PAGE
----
Battle of Praga

Battle of Praga
Part of the Kościuszko Uprising

Obrona Pragi (Defence of Praga) by Aleksander Orłowski
Date4 November 1794
LocationPraga, Warsaw
Result Decisive Russian victory
Polish forces Russia Russian Empire
Commanders and leaders

Józef Zajączek

Berek Joselewicz
Aleksandr Suvorov
14,000 regulars, 3,200 militia
Less than 90 cannons
17,000 men (assaulting)
104 cannons
Casualties and losses
6,000 killed or wounded
10,000 taken prisoner[1]
580 killed, 960 injured[2]
7,000[1] to 10,000-15,000[3] to up to 20,000[4] civilians killed
View of Russian assault on Praga

The Battle of Praga or the Second Battle of Warsaw of 1794 was a Russian assault of Praga, the easternmost suburb of Warsaw, during the Kościuszko Uprising in 1794. It was followed by a massacre (known as the Massacre of Praga[a] ) of the civilian population of Praga.

Eve of the battle

After the Battle of Maciejowice General Tadeusz Kościuszko was captured by the Russians.[5]:210 The internal struggle for power in Warsaw and the demoralisation of the city's population prevented General Józef Zajączek from finishing the fortifications surrounding the city both from the east and from the west. At the same time the Russians were making their way towards the city.

Opposing forces

The Russian forces consisted of two battle-hardened corps under Generals Aleksandr Suvorov and Ivan Fersen. Suvorov took part in the recent Russo-Turkish war, then in the heavy fighting in Polesie and finally in the Battle of Maciejowice. Fersen fought for several months in Poland, but was also joined by fresh reinforcements sent from Russia. Each of them had approximately 11,000 men.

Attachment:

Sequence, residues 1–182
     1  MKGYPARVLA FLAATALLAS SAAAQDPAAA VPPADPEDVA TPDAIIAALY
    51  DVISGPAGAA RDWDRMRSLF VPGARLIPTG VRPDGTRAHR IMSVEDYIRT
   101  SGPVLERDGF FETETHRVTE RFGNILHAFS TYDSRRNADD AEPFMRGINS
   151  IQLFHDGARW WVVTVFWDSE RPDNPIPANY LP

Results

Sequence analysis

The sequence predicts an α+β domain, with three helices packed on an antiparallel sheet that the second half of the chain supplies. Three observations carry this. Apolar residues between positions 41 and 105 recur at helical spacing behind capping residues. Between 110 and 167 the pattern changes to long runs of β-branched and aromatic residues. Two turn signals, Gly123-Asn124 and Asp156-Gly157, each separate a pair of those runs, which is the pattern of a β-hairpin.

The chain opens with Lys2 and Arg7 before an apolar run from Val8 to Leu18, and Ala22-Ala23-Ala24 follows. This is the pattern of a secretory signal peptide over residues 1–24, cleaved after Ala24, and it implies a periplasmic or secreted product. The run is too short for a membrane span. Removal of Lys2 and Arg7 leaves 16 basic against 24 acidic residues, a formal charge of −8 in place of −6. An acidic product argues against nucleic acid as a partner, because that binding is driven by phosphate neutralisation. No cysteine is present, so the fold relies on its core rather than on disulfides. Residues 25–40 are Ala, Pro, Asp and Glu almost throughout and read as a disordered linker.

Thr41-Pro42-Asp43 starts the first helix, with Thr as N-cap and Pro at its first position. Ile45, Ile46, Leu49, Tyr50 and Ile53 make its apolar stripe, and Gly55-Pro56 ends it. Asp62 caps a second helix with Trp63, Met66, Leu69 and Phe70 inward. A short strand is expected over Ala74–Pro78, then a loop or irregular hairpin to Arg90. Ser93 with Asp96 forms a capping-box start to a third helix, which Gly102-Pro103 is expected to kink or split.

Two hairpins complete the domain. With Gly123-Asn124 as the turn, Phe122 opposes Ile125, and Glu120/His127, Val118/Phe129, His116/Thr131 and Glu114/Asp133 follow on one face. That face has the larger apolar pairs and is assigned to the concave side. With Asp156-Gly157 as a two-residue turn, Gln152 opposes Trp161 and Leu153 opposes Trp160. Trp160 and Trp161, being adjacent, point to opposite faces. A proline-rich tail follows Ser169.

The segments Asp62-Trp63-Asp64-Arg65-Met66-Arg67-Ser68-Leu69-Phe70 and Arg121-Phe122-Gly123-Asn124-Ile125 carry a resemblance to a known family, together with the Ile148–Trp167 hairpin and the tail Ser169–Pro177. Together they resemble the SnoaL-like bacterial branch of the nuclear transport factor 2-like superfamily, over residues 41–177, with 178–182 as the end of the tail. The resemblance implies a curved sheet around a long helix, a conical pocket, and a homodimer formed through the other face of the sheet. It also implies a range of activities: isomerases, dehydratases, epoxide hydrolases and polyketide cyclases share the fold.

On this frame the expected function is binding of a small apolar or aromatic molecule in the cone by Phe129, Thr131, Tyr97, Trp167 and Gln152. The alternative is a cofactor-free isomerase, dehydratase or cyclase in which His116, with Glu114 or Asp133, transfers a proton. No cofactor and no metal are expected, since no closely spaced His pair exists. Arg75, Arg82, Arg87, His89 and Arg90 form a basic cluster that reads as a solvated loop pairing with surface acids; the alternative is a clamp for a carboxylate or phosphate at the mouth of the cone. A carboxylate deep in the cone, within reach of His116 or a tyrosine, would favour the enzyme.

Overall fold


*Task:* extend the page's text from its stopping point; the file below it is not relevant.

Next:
The Polish forces consisted of a variety of troops. Apart from the rallied remnants of the Kościuszko's army defeated in the Battle of Maciejowice, it also included a large number of untrained militia from Warsaw, Praga and Vilna, a 500-man Jewish regiment of Berek Joselewicz as well as a number of scythemen and civilians.[6] The forces were organised in three separate lines, each covering a different part of Praga. The central area was commanded directly by General Józef Zajączek, the northern area was commanded by Jakub Jasiński and the southern by Władysław Jabłonowski. Altogether, the Polish commander had less than 20,000 men.


The Russian forces reached the outskirts of Warsaw on November 3, 1794. Immediately upon arrival, the Russian forces started artillery barrage of the Polish defences. This made the Polish commander think that the opposing forces were preparing for a long siege. However, Suvorov's plan assumed the fast and concentrated assault on the Polish defences rather than a bloody and lengthy siege.

At 3 o'clock in the morning of November 4 the Russian troops silently reached the positions just outside the outer rim of Polish field fortifications and two hours later started an all-out assault. The Polish defenders were completely surprised and soon the Polish lines were broken onto several isolated pockets of resistance, bombarded by the Russians with canister shots with a devastating effect. General Zajączek was slightly wounded and retreated from his post, leaving the remainder of his forces without command. This made the Poles retreat towards the centre of Praga and then towards Vistula.

The heavy fighting lasted for four hours and resulted in a complete defeat of the Polish forces. Joselewicz survived, being severely wounded, but almost all of his command was annihilated; Jasiński was killed fighting bravely on the front line. Only a small part managed to evade encirclement and retreated to the other side of the river across a bridge; hundreds of soldiers and civilians fell from a bridge and drowned in the process.


Rzeź Pragi (Slaughter of Praga) by Aleksander Orłowski, 1810
Rzeź Pragi (Slaughter of Praga), woodcut after Juliusz Kossak (19th century)